The lights are on
The third episode of Halo’s live-action web series premiered today, and we had a chance to talk to Frank O'Connor, the franchise development director for the Halo franchise. He has a somewhat ambiguous job title and it means that O'Connor has his hand in just about everything related to Halo. We spoke to him about creating Halo 4's live-action web series, Forward Unto Dawn, and got some clarification about what his job is exactly.
You’re the franchise development director for the Halo franchise? What does that job entail?
Obviously I’m a spokesperson and that entails being an expert in every aspect of everything that we’re doing and then talking about it, but the vast majority of my work involves building and creating new elements of the franchise that end up in all of the various aspects of it. It’s a very large business at this point, even outside of the game. Obviously the game is the bulk of it, the game is the absolute master of everything else we do in the franchise and so everything feeds back into the game. It’s a really big franchise and it’s a big business on its own.
From that perspective, how involved were you with the show, with the production? Were you writing and that kind of thing?
We were editing and we were tweaking, really all the writing was done by Todd and Aaron Helbing realistically. We make notes and stuff like that but we were in the initial meetings with the Helbings about story and their first pitch, and the reason they got the job actually, was a story set on Harvest, which is one of the worlds from the Halo universe. We’d interviewed a bunch of writers and we had seen a bunch of pitches, and their pitch wasn’t the show we wanted to make, but it showed a really profound understanding of the universe and what the universe was about.
It also mapped directly to what we wanted to do which was tell a story about people because that’s what we wanted this thing to be. Obviously it’s going to be great for fans. Fans are going to look at just about every single detail in this and hopefully love it. We wanted this to be approachable for people who are not familiar with the Halo universe and to do some setup, not in the sense of a pure origin story, but to give context to the beginnings of events that actually end up playing out in Halo 4.
So their Harvest story did a lot of that but we needed to do something much more directly connected to it, so in the early meetings we basically helped them craft the story from the get-go and it was a completely different story from the one they originally wanted to tell. We were very involved in crafting that original plot, but we barely put pen to paper, that was those guys. We had meetings where we discussing things like Lasky’s allergy to the cryo-sleep as a sort of motivation for his character. It was basically world and story building from the get-go but they did all the writing.
You’re talking about getting pitches. Did you guys put out a call for writers?
We did, we put out a call. First we interviewed a bunch of writers and then we narrowed down that list and then we put out a call for pitches, but those guys actually had the most complete pitch to begin with and the deepest understanding of the universe. They had done really good work on serials with Smallville and Spartacus in terms of really quickly being able to establish characters. We don’t have a lot of time with this show, it’s five weeks of content, so we needed writers that could rapidly establish character, and motivation, and universe building, basically in a very rapid time frame. I don’t mean their execution on the script, I mean the five weeks of content that this thing ends up being.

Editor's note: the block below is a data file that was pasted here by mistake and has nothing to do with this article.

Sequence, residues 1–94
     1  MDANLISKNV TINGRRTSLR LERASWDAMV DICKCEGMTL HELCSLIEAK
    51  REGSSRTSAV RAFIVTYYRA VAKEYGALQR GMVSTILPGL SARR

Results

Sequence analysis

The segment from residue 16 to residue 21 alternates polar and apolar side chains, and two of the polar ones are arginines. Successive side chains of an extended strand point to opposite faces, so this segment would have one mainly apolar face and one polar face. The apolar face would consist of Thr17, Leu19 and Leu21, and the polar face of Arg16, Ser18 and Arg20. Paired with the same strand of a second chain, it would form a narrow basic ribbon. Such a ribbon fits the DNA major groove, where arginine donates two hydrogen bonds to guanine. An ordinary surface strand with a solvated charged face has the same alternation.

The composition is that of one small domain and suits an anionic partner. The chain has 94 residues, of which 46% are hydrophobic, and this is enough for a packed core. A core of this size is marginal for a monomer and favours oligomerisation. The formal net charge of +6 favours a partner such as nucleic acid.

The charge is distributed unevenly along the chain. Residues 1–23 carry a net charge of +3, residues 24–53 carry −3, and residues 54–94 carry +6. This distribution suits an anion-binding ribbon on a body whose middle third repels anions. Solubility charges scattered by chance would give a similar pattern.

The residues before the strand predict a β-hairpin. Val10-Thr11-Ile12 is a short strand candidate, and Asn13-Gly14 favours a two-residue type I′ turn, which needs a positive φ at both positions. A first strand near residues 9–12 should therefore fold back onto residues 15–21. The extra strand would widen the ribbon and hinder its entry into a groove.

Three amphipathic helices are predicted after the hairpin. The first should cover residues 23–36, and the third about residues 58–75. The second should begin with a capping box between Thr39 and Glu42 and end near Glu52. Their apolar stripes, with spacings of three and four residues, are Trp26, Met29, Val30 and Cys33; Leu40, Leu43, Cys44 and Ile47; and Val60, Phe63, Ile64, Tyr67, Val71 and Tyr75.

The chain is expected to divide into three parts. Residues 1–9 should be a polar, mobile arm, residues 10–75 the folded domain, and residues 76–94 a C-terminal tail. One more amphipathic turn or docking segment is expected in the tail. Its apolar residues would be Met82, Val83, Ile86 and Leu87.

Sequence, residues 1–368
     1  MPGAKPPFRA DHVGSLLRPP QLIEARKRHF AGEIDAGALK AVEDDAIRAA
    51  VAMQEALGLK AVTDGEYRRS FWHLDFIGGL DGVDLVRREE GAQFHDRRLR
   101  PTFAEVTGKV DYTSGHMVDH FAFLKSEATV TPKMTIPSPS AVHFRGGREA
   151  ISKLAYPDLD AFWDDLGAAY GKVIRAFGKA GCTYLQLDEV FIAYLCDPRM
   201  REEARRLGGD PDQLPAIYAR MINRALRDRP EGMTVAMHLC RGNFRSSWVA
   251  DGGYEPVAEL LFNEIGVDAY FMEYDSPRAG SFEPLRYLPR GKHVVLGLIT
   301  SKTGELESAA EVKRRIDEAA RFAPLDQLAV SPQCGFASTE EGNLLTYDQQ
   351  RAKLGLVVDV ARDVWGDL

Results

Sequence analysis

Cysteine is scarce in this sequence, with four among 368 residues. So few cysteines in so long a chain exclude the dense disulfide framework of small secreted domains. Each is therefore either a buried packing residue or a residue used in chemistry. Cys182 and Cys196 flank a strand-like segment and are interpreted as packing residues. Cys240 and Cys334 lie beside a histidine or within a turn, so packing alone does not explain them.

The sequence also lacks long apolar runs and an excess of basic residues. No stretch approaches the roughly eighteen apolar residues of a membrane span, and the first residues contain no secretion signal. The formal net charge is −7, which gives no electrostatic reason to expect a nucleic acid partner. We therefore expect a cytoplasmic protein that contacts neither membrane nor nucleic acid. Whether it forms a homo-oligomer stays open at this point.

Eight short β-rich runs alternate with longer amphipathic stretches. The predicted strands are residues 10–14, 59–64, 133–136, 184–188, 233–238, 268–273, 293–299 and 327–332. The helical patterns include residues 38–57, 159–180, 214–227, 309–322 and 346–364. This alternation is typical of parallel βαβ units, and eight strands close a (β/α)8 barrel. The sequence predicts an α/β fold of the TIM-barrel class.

What was the impetus for doing a live action show for a video game?
We haven’t had a numbered Halo sequel in almost five years at this point, and we wanted to refresh people and we wanted to bring people back into the universe. We were talking about doing it both in the game and in TV commercials, and both of those things are actually going to happen. There’s going to be a lot of bringing people up to speed, hopefully in really unobtrusive and non-obvious ways. That conversation started extending out into, “Well what else can we do here?” What can we do to really make people sit up and take notice? And what can we do to tell a really good Halo story? I think people love watching the TV commercials, but they’re not terribly satisfying in terms of narrative content. They’re really big and you see some cool action, maybe an explosion, and while people enjoy seeing Halo stuff brought into the flesh as it were, they’re just not getting a lot of satisfactory resolution to those brief vignettes, and so it literally just snowballed from that conversation and we said, “Well why don’t we just make a show? We can do that kind of thing.”
The next step was starting to talk to first a production company and our producers, so we hired Lydia and Josh (the executive producers behind Forward Unto Dawn) and with those guys in tow we started farming out the pitch to various writers and directors. We were really trying to pick people who would fit the scale of this project and honestly give us the most bang for our buck. All of the people we’re working with have worked on pretty cool things that are able to do a lot with fairly limited resources. We’re trying to get as much of our budget up on the screen as possible.
Read on to find out exactly how Forward Unto Dawn fits into the narrative of Halo 4.
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